I knew the “Institute” was weird but the whole idea that it might be an actual, honest-to-god cult never crossed my mind. I was too busy day-dreaming about my real life that existed after 5 p.m.: the excitement of improv auditions, first dates, and finding new ways to smoke weed. Plus, they let me put flyers for my improv team on my reception desk, I had plenty of time to troll for hot dudes on MySpace, and there was always food to steal in the office fridge. But even those perks didn’t cancel out the feeling of dread that hung in the office air like a failed Febreeze coating.

All of the “Institute’s” income came from their “weekends” and “trainings.” These were events where they charged a large amount of people a large amount of money for their mysterious life-coaching…thing. As an employee, I was supposed to go to all these weekends and trainings but I insisted I couldn’t because of my many rehearsals and shows (translation: boys and bars).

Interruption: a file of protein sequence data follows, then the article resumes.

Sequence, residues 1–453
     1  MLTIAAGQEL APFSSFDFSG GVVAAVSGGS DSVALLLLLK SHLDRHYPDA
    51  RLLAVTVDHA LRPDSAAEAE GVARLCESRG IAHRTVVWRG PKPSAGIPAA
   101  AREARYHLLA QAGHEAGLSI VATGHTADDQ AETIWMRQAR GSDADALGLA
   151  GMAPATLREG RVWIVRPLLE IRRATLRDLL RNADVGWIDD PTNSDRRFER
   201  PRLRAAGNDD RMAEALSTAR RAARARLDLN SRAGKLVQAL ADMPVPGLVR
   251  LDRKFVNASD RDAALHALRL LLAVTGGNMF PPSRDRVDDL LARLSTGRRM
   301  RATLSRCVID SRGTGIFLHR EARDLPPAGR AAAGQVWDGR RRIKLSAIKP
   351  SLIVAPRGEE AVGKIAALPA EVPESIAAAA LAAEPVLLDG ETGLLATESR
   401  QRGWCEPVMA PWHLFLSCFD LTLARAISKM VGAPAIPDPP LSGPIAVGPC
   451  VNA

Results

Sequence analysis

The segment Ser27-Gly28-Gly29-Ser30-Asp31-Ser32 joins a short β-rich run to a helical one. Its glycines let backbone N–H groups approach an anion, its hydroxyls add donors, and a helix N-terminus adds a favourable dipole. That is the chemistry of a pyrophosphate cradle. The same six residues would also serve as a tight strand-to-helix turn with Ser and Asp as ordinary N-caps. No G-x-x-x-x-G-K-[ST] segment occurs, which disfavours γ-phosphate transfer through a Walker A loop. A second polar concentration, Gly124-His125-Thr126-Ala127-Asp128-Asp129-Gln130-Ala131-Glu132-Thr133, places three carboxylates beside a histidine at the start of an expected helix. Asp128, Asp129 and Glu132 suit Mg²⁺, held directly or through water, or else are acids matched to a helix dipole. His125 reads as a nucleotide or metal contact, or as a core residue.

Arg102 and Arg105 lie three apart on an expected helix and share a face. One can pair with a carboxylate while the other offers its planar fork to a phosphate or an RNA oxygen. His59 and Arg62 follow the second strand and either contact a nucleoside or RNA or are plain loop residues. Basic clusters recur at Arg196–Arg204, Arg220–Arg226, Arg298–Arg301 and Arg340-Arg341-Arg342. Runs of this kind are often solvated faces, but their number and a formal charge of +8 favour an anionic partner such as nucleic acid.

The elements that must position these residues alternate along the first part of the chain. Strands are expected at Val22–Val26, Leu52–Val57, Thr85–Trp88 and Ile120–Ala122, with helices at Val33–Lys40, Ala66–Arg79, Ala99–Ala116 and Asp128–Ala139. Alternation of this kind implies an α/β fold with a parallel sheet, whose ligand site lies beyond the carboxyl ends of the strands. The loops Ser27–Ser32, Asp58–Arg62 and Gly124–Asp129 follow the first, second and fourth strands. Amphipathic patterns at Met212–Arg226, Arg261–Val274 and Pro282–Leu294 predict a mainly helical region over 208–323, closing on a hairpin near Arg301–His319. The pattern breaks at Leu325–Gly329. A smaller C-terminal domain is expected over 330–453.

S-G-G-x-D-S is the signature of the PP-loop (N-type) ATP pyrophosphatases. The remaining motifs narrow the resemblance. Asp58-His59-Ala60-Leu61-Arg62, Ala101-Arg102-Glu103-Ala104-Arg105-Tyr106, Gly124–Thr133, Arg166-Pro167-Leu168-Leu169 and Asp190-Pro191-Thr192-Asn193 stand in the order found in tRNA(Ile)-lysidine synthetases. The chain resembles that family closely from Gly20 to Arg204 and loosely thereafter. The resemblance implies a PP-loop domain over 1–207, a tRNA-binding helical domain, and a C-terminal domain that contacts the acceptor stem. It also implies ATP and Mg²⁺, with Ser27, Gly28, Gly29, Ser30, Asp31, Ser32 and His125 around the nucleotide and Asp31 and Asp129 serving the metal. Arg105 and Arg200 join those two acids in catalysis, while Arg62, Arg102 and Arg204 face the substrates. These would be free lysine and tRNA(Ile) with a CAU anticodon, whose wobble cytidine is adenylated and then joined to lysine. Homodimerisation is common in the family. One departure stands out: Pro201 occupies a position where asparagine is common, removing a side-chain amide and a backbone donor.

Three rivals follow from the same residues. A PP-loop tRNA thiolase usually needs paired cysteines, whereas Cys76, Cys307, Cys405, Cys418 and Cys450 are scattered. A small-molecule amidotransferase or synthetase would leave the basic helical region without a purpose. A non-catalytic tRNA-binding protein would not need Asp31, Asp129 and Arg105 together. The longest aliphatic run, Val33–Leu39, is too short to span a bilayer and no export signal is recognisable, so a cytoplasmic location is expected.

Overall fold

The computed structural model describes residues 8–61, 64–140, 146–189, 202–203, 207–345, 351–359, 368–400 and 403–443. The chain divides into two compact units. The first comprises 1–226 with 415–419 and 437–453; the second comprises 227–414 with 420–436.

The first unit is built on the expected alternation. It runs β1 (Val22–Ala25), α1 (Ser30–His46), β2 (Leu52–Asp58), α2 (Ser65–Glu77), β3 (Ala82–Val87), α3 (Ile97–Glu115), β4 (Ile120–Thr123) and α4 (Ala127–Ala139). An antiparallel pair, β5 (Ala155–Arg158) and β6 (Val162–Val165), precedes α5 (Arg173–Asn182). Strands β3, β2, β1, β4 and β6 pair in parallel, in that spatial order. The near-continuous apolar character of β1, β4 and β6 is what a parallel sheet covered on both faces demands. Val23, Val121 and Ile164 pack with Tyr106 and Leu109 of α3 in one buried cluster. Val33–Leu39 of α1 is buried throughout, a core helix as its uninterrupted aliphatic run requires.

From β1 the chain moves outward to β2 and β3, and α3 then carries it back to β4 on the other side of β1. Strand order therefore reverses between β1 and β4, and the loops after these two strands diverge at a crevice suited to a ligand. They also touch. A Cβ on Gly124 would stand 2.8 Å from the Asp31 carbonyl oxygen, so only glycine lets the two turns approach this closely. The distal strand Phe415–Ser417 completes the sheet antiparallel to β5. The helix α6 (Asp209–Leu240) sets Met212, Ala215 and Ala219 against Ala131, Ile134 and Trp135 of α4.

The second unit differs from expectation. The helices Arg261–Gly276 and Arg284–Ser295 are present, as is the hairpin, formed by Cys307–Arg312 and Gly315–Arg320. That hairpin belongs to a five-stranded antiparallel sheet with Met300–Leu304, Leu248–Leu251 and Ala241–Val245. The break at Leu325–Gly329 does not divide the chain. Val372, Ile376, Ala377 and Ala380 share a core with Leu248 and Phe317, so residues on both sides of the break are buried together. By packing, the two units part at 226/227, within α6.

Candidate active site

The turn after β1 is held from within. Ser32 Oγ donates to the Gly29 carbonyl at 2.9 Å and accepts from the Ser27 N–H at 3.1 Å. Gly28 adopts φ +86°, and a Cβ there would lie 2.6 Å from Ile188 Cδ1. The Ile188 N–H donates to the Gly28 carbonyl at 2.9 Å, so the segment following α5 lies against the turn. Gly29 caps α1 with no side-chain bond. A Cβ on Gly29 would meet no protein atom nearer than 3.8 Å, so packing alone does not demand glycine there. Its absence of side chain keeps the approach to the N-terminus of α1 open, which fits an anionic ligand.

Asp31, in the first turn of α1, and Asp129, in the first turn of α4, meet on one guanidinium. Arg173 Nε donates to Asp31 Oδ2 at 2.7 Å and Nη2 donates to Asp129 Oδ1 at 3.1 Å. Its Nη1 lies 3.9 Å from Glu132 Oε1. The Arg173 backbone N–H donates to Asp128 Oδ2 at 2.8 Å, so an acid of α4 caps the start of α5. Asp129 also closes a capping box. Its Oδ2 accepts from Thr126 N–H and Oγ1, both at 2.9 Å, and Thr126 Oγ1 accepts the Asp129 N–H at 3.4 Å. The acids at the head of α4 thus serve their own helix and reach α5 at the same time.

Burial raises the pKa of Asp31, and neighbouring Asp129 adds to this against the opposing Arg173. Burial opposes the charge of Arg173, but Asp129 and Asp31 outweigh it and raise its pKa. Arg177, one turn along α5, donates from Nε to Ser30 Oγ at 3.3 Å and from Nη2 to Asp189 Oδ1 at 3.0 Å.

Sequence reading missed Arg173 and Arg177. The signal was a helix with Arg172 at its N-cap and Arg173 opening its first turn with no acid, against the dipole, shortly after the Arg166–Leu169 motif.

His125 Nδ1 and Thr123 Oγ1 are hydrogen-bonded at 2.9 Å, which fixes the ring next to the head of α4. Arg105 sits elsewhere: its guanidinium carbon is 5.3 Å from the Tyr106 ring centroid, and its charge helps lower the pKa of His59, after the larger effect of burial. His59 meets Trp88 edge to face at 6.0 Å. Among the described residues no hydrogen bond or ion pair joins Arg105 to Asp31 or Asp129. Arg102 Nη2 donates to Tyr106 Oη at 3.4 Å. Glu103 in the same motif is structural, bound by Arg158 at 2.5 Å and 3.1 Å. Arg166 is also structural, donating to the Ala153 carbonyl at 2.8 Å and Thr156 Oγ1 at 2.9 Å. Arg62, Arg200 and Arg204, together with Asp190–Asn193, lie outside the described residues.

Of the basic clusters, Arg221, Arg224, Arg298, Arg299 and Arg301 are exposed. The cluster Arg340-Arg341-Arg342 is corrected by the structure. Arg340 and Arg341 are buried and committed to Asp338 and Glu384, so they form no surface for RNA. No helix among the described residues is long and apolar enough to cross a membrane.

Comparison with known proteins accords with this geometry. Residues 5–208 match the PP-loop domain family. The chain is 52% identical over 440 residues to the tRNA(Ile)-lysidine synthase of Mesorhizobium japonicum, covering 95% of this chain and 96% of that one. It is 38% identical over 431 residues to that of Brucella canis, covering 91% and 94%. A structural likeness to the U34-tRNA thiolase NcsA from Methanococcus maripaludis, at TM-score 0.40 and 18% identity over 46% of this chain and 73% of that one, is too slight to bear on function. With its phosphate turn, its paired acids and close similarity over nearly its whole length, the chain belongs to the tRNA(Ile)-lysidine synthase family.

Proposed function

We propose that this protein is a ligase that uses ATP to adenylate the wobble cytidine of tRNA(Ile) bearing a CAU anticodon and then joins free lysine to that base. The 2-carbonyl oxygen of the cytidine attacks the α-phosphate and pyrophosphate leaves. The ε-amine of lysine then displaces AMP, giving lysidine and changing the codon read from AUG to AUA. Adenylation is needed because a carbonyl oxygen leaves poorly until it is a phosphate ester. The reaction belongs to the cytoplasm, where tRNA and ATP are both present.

Finally, after six months of dodging them, I was forced to attend a “weekend” or I would be let go.

The “weekend” took place in the large conference room with about 70 attendees. Bright flashing lights and a stage had been brought in for the occasion, making the room look like a sad wedding reception. Attendees were forced to talk into a microphone and share (TBH the best/worst stand-up routines I’ve ever seen) and the Guru was constantly goading people to get up on the stage and “DANCE!!!”  The Guru led us in chants, dances, and meditations, all of it interspersed with clips from ’80s movies about power and success.

I resisted the sharing and dancing wholeheartedly, as I was too busy feeling strange and panicked and looking for an escape. All the unison movements, flashing lights, and chanting were making me feel weiiiiiiiird.

My boyfriend at the time (who is now my husband) picked me up early from the event and he was very concerned. “Are you okay? You seem off somehow,” he said. I agreed. I felt blurry and not in a good way. I needed to shake if off with an evening of good food, weed, and sex.

After a night of those soul-centering pastimes, I felt more like myself again and went back into work on Monday just like normal.